“No, I don’t do well on weekends. I don’t see any of my regulars. I’ll go fishing instead. I’m going to leave now. I’m going to the pharmacy to buy some Advil and a new pair of glasses so I can read the newspaper.”

“Did you lose your glasses?”

“Well, yes and no. I know exactly where they are — at my fishing place. I put them a few feet from where I usually sit, so I can reach them when I need them.”

 

 



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Mom has Dementia

11 October 2017

“Good morning Ted,” I said, “the weather is getting colder. There’s a frost warning for tonight. How late in the season are you allowed to fish?”

“Trout spawn in October and November so the season is closed for them, but for all other game fish I’ll be fishing right through the winter. I need to get some new equipment. For sinkers I’ve been using nuts and bolts and I broke my rod. I had it in my backpack and forgot to duck when coming through a door. I caught one fish my last time out. It was a good size for eating so I gave it to somebody I met by the river. I was so drunk I fell about a dozen times, in the water three times, I was soaked up to my chest. The rest of the times I fell on the rocks. One time I didn’t think I’d be able to get up. I was sure I had broken a bone, but everything was moveable. I decided then to go home before I killed myself. Look at the scratches on my shin. My knee was swollen the size of a grapefruit. I’m still having trouble bending it.

“I spent the last week with my mother. She’d like me to move in, but I can only take so much of her. She’s getting really bad, watches wrestling all day long. When we were watching together she asked me who won. I said, ‘Ma, you were watching. You should know who won.’ She said, ‘I must have turned away for a minute or fell asleep.’ Half the time she’s watching vintage wrestling from twenty years ago. Who does that? We had a power failure, she sat in front of the television for five hours waiting for the wrestling to come back on.

“My brother and sister want to put her in a home, but she’s against the idea. She has trouble getting up and down steps. When my dad was alive we had an elevator that went up the circular staircase. It cost about five thousand dollars. She sold it for twelve hundred. I can’t imagine what they cost now. On the main floor we have a bathroom and an extra room that was used as an office. I said to her, ‘Mom, I can move your bed, your dresser and all your bedroom furniture down here. You’ll have access to everything you need.’ She said, ‘No.’ Also, she can’t keep herself clean. There’s shit all over the floor. I can’t deal with that.”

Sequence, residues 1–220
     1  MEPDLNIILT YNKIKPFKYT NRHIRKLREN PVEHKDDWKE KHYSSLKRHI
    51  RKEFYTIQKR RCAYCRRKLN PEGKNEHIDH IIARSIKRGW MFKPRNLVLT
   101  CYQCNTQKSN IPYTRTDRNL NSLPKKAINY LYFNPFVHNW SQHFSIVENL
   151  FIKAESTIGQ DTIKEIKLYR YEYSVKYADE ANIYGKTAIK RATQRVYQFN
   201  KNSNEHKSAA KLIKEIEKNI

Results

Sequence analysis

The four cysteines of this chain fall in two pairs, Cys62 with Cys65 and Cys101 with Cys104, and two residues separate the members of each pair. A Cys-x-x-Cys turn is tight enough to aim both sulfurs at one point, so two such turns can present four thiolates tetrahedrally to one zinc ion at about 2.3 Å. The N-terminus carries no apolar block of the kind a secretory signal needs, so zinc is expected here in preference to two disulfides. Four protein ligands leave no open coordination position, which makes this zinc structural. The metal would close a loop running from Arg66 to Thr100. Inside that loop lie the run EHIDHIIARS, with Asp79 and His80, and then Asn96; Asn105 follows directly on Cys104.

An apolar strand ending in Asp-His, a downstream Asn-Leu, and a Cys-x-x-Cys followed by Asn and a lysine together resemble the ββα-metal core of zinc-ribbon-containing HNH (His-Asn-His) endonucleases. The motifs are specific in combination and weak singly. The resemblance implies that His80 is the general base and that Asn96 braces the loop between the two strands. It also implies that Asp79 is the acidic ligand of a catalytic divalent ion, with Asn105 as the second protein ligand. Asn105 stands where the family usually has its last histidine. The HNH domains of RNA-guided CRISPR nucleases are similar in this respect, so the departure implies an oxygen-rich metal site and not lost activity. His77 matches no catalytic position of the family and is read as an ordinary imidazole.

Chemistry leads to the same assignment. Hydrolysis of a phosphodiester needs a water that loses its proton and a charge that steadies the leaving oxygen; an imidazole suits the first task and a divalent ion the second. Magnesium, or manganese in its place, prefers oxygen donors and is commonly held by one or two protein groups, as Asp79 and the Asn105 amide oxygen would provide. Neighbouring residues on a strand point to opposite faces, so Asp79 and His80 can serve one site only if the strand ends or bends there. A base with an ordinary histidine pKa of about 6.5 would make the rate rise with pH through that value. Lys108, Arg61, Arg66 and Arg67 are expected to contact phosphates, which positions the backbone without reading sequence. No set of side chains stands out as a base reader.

I suggested, “You could hire a Personal Care Worker. They would help her wash, dress, go to the bathroom, even cook her meals.”

“No, she wouldn’t want that. She’s very independent and bossy.”

I asked, “Have you caught any more raccoons, lately?”

“No, I didn’t see any. Her neighbour told her to stop feeding the birds because it was attracting the coons. So she stopped feeding the birds. We have six big bags of bird seed in the garage, she’s been doing this for years. I don’t know if raccoons were eating the seeds, but they’re garbage eaters. You never know.”

“Maybe I’ll see you tomorrow, Ted.”

“I’ll probably be here.”

 



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I Know you, but I Forget Your Name…

 

2 October 2017

Standing at the bus stop, reading The Dain Curse by ‎Dashiell Hammett on my Kindle, a man approached me. I didn’t look up. He didn’t say anything. I lifted my head to see who it was, I recognized Little Jake. I gave him a hug and said, “Jake, I haven’t seen you for ages.”

He said, “I know you, but I forget your name.”

I said, “It’s Dennis. How are you. I’ve spoken to Bearded Bruce lately.”

“Yeah, he just threw me out. I’m walking around in a fog. I don’t know where I’m going.”

I said, “You’re looking good.”

“No, I’m not.”

I reached into my wallet looking for a five to hand him.”

“I don’t want your money. I don’t want anything.”

I said, “I was sorry to hear about Wolf passing. He was a great guy.”

“Yeah, it’s going to be my turn next. I’m not interested in money. I’m not interested in anything.” His blue eyes started to tear. He patted my shoulder then shuffled off down the sidewalk. I was at a loss for words. I didn’t know what to do. I just watched him drift away.